Georgia’s Legislature is full of lawmakers who identify as fiscal conservatives. One of them, House Speaker Jan Jones, R-Milton, stood with Kemp at his announcement. Asked afterward about the $300 million in public money, she said, “I haven’t seen the details yet ... but I’m confident it’s going to give Georgians more affordable options.”

Taking aim at premiums

Georgia’s market has stabilized on its own, but premiums are still sky-high. Kemp’s aides estimate that by taking the burden of many larger claims off of the insurance companies, they can lower premiums by as much as 25% for some people in rural or underserved parts of the state.

The program carves the state into 16 regions, doling out heftier subsidies to areas with higher premiums. Southwest Georgia, where a spate of hospitals have struggled or closed, would receive more subsidies than metro Atlanta, which benefits from more competition.


uninsured georgia counties

The decreases would benefit higher-income people the most.

People who have income up to 400% of the federal poverty level already receive federal subsidies to lower their premiums. That’s about 90% of the people who buy plans on the exchange. People at the lower end can often pay premiums that, after subsidies, cost less than $100 a month.

Related: State House panel grapples with Georgia maternal mortality crisis

Related: Georgia faces rural doctor shortage

Related: Georgia Legislature’s impact on health care this year was ‘pretty big’

Those who are at least at 400% of the poverty level — $103,000 per year for a family of four — currently receive no subsidy and pay full price. If the estimates bear out, some of those families could save hundreds of dollars a month.

Some advocates for privatization cheered the move.

Kyle Wingfield, the president of the conservative Georgia Public Policy Foundation, has long suggested adding adding subsidies for insurers as part of Georgia’s exchange, and he welcomed the Kemp initiative on Thursday. 

"If you’ve got a program that is going to lower costs overall and help people afford their own insurance and you end up with an overall better health market, it’s probably worth paying that money,” he said.

Reinvent the market

Far more controversial will be the governor’s plan to reinvent Georgia’s individual insurance market.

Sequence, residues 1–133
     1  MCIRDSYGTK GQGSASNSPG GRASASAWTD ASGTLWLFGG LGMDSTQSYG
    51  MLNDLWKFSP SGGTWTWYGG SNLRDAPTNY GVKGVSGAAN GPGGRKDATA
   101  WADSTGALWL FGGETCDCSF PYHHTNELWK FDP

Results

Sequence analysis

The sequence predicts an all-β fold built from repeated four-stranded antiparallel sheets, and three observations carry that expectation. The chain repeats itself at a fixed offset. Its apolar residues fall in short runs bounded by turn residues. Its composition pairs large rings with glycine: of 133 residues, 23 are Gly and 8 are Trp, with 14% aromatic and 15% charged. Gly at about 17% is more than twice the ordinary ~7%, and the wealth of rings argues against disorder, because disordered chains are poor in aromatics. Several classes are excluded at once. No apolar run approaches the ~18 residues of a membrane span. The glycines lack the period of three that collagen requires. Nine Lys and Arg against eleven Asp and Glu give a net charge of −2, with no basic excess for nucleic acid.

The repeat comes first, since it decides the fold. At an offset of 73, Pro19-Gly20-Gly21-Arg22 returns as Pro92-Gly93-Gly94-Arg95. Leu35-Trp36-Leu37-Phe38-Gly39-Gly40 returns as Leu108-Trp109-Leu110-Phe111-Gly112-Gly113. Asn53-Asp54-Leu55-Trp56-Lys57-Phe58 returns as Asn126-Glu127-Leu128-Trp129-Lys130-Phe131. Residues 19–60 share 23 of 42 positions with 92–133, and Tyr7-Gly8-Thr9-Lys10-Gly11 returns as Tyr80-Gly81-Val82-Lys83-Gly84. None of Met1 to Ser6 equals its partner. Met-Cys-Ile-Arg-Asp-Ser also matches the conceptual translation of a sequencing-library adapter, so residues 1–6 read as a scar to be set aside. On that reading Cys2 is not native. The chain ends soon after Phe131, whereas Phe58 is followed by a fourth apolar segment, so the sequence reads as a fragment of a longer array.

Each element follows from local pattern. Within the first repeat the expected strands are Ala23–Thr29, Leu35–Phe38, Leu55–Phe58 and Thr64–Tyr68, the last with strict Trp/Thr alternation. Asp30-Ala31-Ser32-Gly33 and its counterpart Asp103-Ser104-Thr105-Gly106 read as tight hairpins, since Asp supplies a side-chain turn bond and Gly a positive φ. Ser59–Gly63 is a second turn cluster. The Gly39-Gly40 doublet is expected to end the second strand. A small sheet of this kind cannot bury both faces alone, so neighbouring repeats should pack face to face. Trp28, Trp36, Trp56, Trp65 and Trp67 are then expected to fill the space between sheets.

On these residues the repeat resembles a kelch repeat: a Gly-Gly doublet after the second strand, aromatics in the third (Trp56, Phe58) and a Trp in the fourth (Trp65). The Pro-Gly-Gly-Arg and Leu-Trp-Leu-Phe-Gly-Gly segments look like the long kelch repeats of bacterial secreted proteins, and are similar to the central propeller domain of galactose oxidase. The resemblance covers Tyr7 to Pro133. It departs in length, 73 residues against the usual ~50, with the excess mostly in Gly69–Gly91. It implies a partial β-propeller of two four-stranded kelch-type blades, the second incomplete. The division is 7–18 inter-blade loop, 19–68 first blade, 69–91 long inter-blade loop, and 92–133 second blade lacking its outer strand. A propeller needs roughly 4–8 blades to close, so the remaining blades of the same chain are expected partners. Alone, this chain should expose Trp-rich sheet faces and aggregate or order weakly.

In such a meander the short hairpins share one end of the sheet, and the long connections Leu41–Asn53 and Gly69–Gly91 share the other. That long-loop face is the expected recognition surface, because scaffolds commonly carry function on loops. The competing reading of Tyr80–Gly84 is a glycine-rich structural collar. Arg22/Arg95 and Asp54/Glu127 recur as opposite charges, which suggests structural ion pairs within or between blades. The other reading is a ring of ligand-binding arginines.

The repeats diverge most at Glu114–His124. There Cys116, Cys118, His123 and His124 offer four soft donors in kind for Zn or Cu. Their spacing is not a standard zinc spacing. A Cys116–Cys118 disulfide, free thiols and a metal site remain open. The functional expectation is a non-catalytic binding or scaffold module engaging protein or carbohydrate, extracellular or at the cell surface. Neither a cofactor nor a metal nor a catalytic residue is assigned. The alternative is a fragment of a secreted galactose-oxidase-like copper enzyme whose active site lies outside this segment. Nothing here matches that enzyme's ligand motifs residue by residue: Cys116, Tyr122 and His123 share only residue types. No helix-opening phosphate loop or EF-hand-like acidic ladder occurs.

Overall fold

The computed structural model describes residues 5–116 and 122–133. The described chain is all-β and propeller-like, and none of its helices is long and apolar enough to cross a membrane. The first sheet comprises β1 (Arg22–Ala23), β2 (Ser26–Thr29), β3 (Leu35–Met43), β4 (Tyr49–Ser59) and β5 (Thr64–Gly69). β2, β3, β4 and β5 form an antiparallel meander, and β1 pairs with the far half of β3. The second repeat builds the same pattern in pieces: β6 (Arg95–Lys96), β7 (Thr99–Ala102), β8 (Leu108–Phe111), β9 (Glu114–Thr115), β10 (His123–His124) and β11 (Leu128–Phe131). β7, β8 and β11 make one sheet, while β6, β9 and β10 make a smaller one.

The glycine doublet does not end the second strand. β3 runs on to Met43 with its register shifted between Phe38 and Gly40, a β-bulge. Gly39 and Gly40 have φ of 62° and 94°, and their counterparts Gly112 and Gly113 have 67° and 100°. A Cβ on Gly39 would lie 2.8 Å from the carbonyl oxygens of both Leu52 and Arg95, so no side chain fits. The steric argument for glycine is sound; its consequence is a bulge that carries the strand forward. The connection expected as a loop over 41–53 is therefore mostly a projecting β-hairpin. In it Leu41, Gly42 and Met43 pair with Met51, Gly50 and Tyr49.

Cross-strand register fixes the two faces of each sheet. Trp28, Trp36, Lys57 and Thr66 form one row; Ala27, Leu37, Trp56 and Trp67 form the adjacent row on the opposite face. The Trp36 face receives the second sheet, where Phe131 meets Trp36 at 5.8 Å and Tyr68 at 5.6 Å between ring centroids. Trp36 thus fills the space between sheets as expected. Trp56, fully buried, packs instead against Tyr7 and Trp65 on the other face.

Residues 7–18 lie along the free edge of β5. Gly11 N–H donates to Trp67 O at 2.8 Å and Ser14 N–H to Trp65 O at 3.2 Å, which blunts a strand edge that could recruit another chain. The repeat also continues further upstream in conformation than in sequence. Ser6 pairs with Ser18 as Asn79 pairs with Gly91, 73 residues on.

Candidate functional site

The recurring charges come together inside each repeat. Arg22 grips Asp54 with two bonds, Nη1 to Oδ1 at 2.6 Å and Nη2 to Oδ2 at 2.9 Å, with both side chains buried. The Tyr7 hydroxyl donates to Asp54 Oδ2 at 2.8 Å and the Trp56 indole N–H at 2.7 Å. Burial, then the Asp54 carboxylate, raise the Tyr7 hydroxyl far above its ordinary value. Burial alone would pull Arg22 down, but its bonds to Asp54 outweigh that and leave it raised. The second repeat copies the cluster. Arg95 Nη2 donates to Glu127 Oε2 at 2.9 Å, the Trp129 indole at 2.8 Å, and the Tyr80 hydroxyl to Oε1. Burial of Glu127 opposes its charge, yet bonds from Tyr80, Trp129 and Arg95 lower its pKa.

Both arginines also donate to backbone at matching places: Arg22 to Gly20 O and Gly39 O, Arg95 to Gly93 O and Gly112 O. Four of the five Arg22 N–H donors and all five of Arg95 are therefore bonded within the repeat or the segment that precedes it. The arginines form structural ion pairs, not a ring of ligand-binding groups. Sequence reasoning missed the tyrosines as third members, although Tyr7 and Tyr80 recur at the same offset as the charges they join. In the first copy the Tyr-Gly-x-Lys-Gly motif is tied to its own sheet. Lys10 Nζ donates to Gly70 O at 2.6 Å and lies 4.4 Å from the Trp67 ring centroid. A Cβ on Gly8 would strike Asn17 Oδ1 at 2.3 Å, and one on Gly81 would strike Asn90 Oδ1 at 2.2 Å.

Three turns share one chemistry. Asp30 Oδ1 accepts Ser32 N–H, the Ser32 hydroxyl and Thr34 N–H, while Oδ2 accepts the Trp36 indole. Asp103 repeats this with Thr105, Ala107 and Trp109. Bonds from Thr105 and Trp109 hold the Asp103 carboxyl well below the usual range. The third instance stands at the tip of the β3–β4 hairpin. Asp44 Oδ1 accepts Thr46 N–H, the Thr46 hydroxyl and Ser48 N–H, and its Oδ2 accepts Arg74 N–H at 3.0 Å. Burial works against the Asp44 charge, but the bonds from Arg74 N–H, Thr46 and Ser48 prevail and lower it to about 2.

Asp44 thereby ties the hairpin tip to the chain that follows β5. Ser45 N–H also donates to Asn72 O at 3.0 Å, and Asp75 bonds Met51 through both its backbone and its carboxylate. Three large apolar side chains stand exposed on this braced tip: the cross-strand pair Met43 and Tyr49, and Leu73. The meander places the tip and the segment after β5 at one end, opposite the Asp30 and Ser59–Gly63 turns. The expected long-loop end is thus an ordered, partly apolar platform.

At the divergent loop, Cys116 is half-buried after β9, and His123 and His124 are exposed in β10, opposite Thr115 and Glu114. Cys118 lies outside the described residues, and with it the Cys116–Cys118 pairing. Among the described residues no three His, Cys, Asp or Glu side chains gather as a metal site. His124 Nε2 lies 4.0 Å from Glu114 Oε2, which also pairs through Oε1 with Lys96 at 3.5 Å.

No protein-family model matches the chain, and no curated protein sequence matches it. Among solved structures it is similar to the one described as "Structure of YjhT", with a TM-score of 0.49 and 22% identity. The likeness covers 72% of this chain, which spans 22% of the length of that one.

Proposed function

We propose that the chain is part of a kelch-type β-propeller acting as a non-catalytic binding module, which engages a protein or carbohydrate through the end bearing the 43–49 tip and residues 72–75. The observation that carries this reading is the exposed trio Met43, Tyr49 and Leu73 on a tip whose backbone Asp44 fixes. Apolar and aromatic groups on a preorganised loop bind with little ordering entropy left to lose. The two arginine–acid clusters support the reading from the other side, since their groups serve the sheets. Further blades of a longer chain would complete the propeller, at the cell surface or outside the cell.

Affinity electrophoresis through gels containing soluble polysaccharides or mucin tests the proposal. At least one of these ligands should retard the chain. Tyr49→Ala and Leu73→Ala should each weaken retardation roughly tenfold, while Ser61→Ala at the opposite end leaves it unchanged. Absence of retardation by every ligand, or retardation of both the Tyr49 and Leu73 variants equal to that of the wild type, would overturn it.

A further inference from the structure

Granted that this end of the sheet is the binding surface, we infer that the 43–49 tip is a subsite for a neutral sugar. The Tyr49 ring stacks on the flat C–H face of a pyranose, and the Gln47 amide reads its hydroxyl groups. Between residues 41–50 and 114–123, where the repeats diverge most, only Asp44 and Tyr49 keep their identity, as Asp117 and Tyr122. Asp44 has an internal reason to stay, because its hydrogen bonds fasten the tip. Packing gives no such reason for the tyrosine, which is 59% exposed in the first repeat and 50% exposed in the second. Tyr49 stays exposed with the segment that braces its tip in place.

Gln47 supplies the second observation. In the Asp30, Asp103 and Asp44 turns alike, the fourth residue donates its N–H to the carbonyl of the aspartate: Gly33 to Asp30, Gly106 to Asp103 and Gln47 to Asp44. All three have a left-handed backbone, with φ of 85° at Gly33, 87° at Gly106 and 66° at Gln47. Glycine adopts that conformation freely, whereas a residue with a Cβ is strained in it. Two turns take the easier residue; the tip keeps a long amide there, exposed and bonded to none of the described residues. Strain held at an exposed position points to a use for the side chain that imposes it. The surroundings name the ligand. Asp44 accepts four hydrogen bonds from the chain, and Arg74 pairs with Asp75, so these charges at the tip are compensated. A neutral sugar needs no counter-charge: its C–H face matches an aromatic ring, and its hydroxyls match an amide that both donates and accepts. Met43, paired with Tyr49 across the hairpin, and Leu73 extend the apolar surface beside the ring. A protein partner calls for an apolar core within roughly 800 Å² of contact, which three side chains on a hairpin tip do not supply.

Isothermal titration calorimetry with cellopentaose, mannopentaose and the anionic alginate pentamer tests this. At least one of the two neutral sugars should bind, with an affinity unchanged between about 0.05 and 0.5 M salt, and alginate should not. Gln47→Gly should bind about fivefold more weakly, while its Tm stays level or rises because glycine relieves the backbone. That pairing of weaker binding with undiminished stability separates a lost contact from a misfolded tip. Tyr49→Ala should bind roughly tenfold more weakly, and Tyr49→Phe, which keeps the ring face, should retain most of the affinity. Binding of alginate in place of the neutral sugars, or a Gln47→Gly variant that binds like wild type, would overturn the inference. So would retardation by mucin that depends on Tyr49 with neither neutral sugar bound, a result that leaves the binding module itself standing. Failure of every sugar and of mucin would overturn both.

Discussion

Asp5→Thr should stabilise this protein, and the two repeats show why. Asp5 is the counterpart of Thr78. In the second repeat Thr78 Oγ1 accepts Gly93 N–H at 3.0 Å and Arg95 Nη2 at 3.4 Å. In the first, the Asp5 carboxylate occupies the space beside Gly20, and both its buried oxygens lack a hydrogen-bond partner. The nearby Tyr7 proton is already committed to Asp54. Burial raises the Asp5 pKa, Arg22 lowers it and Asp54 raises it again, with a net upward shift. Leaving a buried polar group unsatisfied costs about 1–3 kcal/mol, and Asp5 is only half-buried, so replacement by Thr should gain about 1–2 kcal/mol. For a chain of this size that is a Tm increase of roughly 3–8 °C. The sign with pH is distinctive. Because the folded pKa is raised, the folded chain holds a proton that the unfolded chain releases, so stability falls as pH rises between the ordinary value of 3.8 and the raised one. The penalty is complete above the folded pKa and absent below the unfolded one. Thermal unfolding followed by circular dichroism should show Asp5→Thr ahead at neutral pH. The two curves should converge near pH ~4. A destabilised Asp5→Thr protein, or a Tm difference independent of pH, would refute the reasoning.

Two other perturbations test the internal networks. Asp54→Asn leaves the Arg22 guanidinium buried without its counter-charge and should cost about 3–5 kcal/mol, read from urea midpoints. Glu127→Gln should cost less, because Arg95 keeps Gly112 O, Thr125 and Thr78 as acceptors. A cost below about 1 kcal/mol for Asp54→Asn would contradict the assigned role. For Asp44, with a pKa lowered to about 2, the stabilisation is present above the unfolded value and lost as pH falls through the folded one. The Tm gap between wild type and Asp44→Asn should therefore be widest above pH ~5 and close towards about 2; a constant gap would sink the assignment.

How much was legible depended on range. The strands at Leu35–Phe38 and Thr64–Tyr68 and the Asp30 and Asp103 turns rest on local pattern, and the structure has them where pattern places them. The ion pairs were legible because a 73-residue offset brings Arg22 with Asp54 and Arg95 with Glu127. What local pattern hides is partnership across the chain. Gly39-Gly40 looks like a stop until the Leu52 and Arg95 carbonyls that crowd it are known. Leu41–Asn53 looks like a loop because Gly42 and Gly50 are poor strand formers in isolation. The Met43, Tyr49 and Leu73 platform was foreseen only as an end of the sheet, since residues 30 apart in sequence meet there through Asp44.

Kemp has long said he hoped Georgia could even set an example for other states. His proposal seeks to do that by putting some of the Trump administration’s most conservative suggestions into action.

Lower- and middle-income Georgians currently receive about $2.7 billion in subsidies from the ACA exchange market, Kemp aides said. Under their plan, Georgia would take control of that money, change how to distribute it, and loosen controls on who gets it.

Right now, only a plan that complies with the ACA’s coverage mandates is eligible for federal premium subsidies. Kemp’s plan would allow subsidies for plans that cover less.

Pre-existing conditions would have to be covered, aides said, and plans couldn’t charge more for customers who suffer from them. But the plans wouldn’t have to cover all “essential health benefits” identified in the ACA — such as emergency care and mental health services — if the customer decides to risk it and buy a plan without them.

Other people who would be eligible for subsidies are employees of small businesses whose employers give them a bonus to buy their own health coverage.

A new web portal

Right now those skimpier plans are not available on the federal exchange website, healthcare.gov. Under Kemp’s plan, Georgians who tried to access that site would be routed to a page that gave them options including private web brokers that can list plans that cover less.

Some ACA supporters were concerned about revoking the option to use healthcare.gov, a neutral platform, and pushing consumers into choosing a web broker they’re not familiar with. Some may steer people to plans that aren’t what they really want, they said.

One web broker, healthsherpa.com, is held in high regard by Kemp’s administration and some health care advocates. But not all are as well functioning technically or as clear to consumers in their presentation. Some advocates worry that customers might assume they’re purchasing plans that cover a broad array of health benefits when they’re not.

“Some of these plans that don’t offer full essential health benefits, their marketing is very confusing,” said Laura Colbert, the director of Georgians for a Healthy Future. “I would worry a lot that consumers would buy a plan that doesn’t actually work for them.”

If approved by the federal government, the plans would require a tremendous amount of work that is currently done at the federal level, necessitating an expansion of a health oversight agency in Kemp’s office. Aides said that detailed questions about implementation, however, were premature.

Read More